The ‘World’s Largest Lesson’ is an organisation designed to introduce children and young people to many of the UN Sustainable Development Goals (

For this project, we will work with pupils particularly on No.17 ‘Revitalize the Global Partnership for Sustainable Development’

‘A successful sustainable development agenda requires partnerships between governments, the private sector and civil society. These inclusive partnerships built upon principles and values, a shared vision, and shared goals that place people and the planet at the centre, are needed at the global, regional, national and local level.’

This is taken directly from the UN’s own definition of UN17. The project would go some way to assisting any supporting organisations’ wider contributions to achieving successful outcomes against this criteria.

Sierra Leone itself is at serious risk of environmental disaster, chiefly from flooding and disease. Staff and pupils from participating schools will design a series of lessons and activities on this topic, prior to the month’s activities. These lessons will be then delivered to a wide range of pupils over the course of the month. We intend to work with other local community organisations which can be co-opted to spread the messages from the project to countries far and wide, through innovative media solutions and through partners such as @TheWorldsLesson


During the month-long project, a Global Leadership Conference will take place in Liverpool involving leaders from the UK (public and private sectors), Europe, and a range of other countries where St Vincent’s and All Saints already have partnerships e.g. Sierra Leone, China, Pakistan.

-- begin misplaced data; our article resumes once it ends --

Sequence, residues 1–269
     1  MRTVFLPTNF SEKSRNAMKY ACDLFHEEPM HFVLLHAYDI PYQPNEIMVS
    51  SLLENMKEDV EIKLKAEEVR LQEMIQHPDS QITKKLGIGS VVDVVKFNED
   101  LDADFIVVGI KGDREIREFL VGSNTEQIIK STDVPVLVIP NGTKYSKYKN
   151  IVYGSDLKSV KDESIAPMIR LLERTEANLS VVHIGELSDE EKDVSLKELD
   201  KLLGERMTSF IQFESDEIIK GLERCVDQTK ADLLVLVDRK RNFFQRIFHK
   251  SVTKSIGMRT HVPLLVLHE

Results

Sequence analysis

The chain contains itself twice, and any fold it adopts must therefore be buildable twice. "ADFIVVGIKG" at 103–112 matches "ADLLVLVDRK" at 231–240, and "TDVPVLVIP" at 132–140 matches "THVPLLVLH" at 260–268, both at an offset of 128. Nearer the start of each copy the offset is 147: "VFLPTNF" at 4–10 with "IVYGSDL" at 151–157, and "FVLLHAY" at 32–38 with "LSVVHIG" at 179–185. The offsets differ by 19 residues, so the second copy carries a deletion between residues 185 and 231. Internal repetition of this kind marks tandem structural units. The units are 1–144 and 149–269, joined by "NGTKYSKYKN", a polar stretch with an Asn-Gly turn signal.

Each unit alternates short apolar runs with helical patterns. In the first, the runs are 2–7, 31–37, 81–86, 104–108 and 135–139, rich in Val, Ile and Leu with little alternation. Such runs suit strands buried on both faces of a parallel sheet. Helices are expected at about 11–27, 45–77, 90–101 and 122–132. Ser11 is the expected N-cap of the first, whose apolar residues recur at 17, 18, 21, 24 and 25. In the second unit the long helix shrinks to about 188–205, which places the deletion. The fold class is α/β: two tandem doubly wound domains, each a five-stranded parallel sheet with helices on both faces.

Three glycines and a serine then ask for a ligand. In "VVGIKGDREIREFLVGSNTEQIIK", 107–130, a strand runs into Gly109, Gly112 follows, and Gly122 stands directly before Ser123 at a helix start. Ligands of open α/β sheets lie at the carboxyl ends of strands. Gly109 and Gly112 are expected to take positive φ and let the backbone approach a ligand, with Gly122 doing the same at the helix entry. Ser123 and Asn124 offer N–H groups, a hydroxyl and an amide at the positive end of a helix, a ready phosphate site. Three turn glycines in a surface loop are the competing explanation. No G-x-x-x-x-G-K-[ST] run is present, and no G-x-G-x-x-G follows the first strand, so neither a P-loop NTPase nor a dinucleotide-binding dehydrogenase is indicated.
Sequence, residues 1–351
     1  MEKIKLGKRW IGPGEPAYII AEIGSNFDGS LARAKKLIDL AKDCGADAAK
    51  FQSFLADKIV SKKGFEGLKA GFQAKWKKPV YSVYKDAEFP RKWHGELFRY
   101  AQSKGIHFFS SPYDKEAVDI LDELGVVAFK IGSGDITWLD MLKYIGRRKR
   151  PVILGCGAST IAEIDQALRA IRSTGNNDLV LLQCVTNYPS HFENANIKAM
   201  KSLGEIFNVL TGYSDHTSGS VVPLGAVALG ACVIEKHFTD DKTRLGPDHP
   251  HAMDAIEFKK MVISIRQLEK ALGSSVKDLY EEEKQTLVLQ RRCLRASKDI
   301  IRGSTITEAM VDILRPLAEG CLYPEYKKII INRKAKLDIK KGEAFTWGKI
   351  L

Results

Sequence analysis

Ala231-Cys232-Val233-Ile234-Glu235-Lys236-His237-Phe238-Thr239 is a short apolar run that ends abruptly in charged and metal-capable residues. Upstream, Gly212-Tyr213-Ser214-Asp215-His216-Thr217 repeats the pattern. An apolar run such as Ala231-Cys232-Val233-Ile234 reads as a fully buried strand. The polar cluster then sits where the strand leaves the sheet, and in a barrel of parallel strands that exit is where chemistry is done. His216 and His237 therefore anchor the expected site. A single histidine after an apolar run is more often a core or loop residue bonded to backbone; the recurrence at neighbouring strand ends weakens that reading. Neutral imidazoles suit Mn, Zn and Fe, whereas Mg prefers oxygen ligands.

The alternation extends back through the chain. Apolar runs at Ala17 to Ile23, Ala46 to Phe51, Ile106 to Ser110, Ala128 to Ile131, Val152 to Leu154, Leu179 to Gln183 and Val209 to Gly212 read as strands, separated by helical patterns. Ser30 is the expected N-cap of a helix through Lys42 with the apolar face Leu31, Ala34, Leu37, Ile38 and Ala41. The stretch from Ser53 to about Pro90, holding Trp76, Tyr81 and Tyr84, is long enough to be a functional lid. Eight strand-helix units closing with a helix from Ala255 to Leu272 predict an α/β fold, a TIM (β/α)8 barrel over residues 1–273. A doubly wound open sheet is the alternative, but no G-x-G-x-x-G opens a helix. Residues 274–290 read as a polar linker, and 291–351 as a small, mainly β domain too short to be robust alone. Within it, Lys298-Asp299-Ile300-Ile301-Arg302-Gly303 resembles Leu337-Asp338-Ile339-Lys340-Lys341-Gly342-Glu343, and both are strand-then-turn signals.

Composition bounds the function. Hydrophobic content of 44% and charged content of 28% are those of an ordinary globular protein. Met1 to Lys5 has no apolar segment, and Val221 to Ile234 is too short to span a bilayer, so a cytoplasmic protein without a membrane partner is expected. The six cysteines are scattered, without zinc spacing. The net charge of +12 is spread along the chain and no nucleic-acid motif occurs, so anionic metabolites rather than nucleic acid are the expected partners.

Working alongside the International Primary Headteachers Forum ( ), a range of partners and organisations will be invited to attend and/or contribute, all of whom assist with the promotion of global partnerships e.g universities, training providers charities, government organisations, community groups.  A range of stalls/providers will be present to assist current and prospective leaders in education develop a vision for their own schools.

Prior to this, a multi-age pupil conference will take place, involving children from the UK and Africa. Issues around sustainability, child safety and the future of technology will be on the agenda.

All Saints and St Vincent’s have already worked with Hope University to give student teachers the chance to develop their own materials to support the Prevent Duty in schools; this conference would carry this work through to all levels of ethical leadership.

Sustainability will be provided by establishing a bi-annual conference, to be held in different countries. This ‘global alliance’ of schools will continue to develop shared curricula based on common values and vision.


These then are the main themes that will permeate the project. A Community Interest Company (CIC) is about to be launched under the name TeachAbility UK.

This blog will track the progress of the project and the work of the CIC as it progresses through the next eighteen months.